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Jordan: Treatment of Palestinians by the government and its agents (2005-2006)

Publisher Canada: Immigration and Refugee Board of Canada
Author Research Directorate, Immigration and Refugee Board of Canada, Ottawa
Publication Date 16 February 2007
Citation / Document Symbol JOR102174.E
Cite as Canada: Immigration and Refugee Board of Canada, Jordan: Treatment of Palestinians by the government and its agents (2005-2006), 16 February 2007, JOR102174.E, available at: [accessed 30 November 2015]
DisclaimerThis is not a UNHCR publication. UNHCR is not responsible for, nor does it necessarily endorse, its content. Any views expressed are solely those of the author or publisher and do not necessarily reflect those of UNHCR, the United Nations or its Member States.

According to a renowned expert on the Middle East, who is also president of the consulting firm Near East Support Services, Palestinians have been "well-established" in Jordan since 1948 (President 12 Dec. 2006) and constitute approximately 60 percent of the Jordanian population (ibid.; HRW 7 Nov. 2006). A report by the Commissioner-General of the United Nations Relief and Works Agency for Palestine Refugees in the Near East (UNRWA) maintains that "the largest number of Palestine refugees" lives in Jordan and that the majority are full Jordanian citizens, can work in the government and have access to governmental and other assistance (UN 2005, 8). An article in a University of Oxford journal on refugee studies also states that Jordan hosts the largest group of Palestinian refugees among the Arab countries, although it highlights that this group faces "subtle forms of discrimination" and does not enjoy equal political participation (Forced Migration Review 4 Sept. 2006).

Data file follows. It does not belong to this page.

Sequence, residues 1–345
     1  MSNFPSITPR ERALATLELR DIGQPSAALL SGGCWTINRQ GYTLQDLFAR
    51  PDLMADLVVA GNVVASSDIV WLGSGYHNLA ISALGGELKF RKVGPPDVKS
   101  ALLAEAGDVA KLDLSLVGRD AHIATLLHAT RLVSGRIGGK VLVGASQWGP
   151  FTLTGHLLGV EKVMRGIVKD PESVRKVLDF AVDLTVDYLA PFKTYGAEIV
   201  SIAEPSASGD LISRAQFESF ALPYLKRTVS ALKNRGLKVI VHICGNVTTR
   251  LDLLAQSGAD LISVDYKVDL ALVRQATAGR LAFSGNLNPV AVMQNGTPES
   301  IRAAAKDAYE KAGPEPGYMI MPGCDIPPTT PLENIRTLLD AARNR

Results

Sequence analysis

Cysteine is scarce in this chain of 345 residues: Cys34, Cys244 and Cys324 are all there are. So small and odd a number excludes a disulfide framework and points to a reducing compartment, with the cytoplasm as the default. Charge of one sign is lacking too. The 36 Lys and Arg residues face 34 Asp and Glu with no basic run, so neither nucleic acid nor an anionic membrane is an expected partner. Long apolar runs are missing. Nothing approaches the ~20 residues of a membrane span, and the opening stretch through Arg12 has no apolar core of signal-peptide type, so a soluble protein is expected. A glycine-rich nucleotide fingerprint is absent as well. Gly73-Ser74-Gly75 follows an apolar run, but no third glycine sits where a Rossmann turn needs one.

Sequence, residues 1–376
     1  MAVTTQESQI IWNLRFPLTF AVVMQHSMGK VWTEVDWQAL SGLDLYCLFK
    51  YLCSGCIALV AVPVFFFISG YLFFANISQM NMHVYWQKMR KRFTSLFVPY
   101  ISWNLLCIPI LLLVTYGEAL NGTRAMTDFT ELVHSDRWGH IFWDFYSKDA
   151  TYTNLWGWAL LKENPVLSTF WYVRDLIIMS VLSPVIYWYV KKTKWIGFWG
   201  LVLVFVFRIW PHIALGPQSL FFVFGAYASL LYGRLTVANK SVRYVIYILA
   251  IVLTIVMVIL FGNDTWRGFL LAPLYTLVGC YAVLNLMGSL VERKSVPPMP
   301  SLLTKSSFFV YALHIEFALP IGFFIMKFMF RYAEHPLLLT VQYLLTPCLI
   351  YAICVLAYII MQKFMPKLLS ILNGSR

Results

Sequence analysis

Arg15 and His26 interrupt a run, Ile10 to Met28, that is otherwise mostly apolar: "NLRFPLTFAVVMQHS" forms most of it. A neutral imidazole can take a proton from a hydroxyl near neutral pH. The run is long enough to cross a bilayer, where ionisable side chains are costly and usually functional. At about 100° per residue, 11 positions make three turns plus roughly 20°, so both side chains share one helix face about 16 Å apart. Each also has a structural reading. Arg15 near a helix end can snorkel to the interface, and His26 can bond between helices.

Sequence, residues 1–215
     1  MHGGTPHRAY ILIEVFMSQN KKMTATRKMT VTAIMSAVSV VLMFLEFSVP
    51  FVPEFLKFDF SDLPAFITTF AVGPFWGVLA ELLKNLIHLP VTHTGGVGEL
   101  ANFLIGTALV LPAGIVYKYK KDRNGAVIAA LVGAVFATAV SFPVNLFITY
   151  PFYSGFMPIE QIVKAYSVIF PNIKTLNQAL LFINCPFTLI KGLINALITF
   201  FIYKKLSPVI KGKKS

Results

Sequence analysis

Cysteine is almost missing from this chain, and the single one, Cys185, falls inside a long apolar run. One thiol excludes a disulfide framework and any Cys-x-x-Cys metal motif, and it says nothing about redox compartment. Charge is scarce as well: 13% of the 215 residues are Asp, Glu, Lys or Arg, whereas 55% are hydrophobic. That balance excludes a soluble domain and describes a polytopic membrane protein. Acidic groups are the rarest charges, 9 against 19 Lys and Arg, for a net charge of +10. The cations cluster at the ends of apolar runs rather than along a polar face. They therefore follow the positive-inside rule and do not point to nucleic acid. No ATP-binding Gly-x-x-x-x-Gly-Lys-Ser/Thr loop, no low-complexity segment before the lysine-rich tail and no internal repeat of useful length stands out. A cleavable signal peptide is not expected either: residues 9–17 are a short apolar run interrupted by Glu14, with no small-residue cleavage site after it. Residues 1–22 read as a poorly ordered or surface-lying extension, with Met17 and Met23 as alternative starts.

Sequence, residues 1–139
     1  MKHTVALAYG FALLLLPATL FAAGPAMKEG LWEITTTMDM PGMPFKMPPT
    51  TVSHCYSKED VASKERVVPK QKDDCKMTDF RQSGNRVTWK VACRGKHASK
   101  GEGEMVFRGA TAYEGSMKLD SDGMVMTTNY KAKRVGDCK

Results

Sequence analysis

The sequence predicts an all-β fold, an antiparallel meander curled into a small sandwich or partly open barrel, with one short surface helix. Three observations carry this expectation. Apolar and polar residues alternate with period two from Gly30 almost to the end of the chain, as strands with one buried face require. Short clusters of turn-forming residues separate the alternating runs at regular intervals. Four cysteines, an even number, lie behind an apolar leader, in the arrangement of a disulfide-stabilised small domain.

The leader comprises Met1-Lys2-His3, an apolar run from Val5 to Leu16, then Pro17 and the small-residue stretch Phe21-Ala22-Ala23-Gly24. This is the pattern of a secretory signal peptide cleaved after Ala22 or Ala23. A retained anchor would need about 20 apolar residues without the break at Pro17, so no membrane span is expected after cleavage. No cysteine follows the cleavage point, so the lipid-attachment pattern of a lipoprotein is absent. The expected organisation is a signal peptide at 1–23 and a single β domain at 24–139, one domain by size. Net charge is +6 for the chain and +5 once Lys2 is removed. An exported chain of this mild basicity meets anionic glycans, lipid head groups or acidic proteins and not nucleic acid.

In a 13 December 2006 telephone interview, an international relations professor at the University of Southern California stated that although Palestinians and Jordanians are equal under Jordanian law, there is informal discrimination against Palestinians. The Professor explained that should an individual, Palestinian or Jordanian, require assistance or protection from the government, the individual is best served if he or she is well-connected or comes from a prominent family (Professor 13 Dec. 2006). The Professor added that Palestinians are not as likely as Jordanians to have good connections or to come from well-known families, and therefore not as likely to benefit from such assistance (ibid.).